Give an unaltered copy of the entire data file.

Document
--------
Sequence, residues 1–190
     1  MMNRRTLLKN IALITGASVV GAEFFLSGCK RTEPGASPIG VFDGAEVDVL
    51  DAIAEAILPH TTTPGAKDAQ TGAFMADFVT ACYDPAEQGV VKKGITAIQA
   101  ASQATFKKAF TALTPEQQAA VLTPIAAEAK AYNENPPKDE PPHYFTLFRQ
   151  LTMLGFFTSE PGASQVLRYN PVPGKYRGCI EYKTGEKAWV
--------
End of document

Sequence, residues 1–190
     1  MMNRRTLLKN IALITGASVV GAEFFLSGCK RTEPGASPIG VFDGAEVDVL
    51  DAIAEAILPH TTTPGAKDAQ TGAFMADFVT ACYDPAEQGV VKKGITAIQA
   101  ASQATFKKAF TALTPEQQAA VLTPIAAEAK AYNENPPKDE PPHYFTLFRQ
   151  LTMLGFFTSE PGASQVLRYN PVPGKYRGCI EYKTGEKAWV